Residents of Siyakhana informal settlement claim that Mandela Park residents are intensifying a campaign of violence against them as some of them became victims of “‘”petrol-bomb” wielding maphara (drugged thugs) this week. Mzikayise Kebe, a resident of Siyakhana told Elitsha that thugs threw two petrol bombs at his house on Wednesday night. Last month, Elitsha reported that tensions have been heightened over who should benefit from a housing project in the area. In September, GroundUp reported that tensions between Mandela Park Backyarders and people living in the nearby informal settlements of Siyakhana and Siyahlala had turned violent when shack dwellers were allegedly attacked and their shacks burned and demolished in an attempt to clear the land for construction.
“It was around 21h00 and we just came out of loadshedding then. I was standing outside with a friend and a phara had a bag and he took out what looked like a petrol bomb and he waved it towards us and we ducked. He said we should move out of the area because it is Mahama project land. He then proceeded to throw two petrol bombs into my house,” Kebe said.
Inside Kebe’s house where the “petrol bomb” was thrown.
Another resident whose house, just like Kebe’s, is on the edge of the informal settlement, said that they threw petrol bombs inside her house where she was with her two children. “It was around 01h00 in the morning when they threw the petrol bomb inside my house while my children were sleeping,” said Nondzondelelo Javu.
A leader of Mandela Park Backyarders, Khaya Xintolo, denied the allegations that the community hires thugs to terrorise the informal settlement residents. “It is not true that the Mandela Park community rents thugs. All the decisions on what to do next are taken in a public meeting. Before we speak to them we sit and discuss the issues in an open public meeting. The accusation that we rent thugs is not true,” said Xintolo.
The Harare police station confirmed that a case of attempted arson was opened at the police station and no arrests have been made.
Lost trust in Harare police
The Mandela Park Backyarders and leaders of the South African National Civic Organisation (Sanco) in the area are adamant that the housing project is meant to benefit residents of Mandela Park in the main. “The Mahama [Mandela Park, Harare and Makhaza] project comes a long way. As the word suggests. it is meant to benefit residents of the three townships and now the construction is meant to happen in Mandela Park, so it is meant to benefit residents of Mandela Park. We explained this to them when they moved in. We said that we are willing to include 10% of them to be part of the beneficiaries and that they were going to be verified but they refused the offer,” said Xintolo.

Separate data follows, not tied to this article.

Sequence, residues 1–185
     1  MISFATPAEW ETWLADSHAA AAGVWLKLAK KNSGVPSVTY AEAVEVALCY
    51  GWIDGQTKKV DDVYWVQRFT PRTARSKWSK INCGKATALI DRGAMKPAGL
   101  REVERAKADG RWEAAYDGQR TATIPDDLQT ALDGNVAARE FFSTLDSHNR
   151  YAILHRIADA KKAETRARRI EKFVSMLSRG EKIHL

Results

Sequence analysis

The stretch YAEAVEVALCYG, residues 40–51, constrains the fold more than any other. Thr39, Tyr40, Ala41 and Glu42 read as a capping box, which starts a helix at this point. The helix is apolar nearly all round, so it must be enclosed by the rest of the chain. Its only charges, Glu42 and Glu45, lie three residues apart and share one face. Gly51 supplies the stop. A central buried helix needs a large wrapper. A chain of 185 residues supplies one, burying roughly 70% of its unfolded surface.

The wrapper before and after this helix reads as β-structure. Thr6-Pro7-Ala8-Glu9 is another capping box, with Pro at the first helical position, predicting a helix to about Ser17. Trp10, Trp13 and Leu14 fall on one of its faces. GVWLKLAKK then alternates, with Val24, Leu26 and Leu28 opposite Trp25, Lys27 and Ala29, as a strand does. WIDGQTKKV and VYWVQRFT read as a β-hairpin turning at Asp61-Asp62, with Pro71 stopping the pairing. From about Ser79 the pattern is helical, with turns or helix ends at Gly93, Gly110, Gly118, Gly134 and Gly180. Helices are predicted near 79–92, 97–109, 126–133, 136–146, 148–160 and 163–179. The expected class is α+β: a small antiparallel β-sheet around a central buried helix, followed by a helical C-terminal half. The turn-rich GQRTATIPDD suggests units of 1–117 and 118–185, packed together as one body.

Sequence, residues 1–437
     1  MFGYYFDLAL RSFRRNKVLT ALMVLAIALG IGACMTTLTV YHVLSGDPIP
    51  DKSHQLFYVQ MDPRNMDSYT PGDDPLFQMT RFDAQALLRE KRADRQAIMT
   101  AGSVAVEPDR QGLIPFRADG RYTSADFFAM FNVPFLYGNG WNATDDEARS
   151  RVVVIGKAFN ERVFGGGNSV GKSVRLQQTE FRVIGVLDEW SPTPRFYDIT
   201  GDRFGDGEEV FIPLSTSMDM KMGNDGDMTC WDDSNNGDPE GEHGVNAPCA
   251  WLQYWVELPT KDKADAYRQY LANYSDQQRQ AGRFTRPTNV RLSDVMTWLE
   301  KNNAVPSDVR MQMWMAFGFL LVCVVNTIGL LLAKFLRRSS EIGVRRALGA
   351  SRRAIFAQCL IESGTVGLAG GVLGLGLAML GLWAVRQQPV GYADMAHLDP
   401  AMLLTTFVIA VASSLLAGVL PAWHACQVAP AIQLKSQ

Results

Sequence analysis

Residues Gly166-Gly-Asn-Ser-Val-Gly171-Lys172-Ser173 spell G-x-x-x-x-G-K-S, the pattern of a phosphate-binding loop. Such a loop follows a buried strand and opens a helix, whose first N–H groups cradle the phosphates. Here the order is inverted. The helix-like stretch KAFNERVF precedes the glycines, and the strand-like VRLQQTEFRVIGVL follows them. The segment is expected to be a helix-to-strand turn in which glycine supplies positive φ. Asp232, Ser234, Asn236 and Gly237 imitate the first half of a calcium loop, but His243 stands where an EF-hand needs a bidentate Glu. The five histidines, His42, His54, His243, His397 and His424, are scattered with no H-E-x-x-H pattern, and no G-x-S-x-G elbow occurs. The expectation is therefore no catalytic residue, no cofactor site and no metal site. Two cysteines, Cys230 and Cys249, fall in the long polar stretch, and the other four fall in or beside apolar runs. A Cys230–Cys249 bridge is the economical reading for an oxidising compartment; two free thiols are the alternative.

The Siyakhana residents say that they have been under attack by the Mandela Park residents since June this year. “This is the third attack on me and my house now and the police do not respond to us. We had to block the road with burning tyres on Wednesday for the police to come out and come protect us. The Harare police van that came earlier told us that they do not have enough manpower to protect and chase the thugs. We had to block the road with burning tyres to get the attention of the POP [Public Order Policing] unit,” said Kebe.
Siyakhana residents say that only 44 structures are still occupied in the informal settlement as residents have fled for fear of their lives.
“The Harare police are biased against us. We had to get leaders of the EFF to intervene and get the attention of the provincial police commissioner and it is then that we learnt that all of our cases were withdrawn without us being informed. Whenever we call them when we get attacked, they do not come,” said Ntomboxolo Fadane. “We couldn’t sleep last night and most of us didn’t go to work because we were too tired from staying up. We know they will come back to attack again.”
“There were 152 structures on this land.
Now it is only 44.”
“We used to be good neighbours. They would come drink here at the tavern but things changed drastically. Now, the residents of Mandela Park attack everyone here. Some people have left the area for fear of their lives,” said Vuyokazi Malayi. “There were 152 structures on this land and now it is only 44. People have left because of the violence that is directed at us,” said Fadane.
The City of Cape Town said that its officials visited the Siyakhana informal settlement and met with residents and community leaders. There has been ongoing negotiations to move the residents of the informal settlement to make way for the construction of the infill housing project.
“The city can confirm that a survey was carried out by the informal settlements department recently, and we are looking into all feasible options to assist the community,” said the City of Cape Town. According to the city, the project is meant to benefit qualifying beneficiaries on the housing list.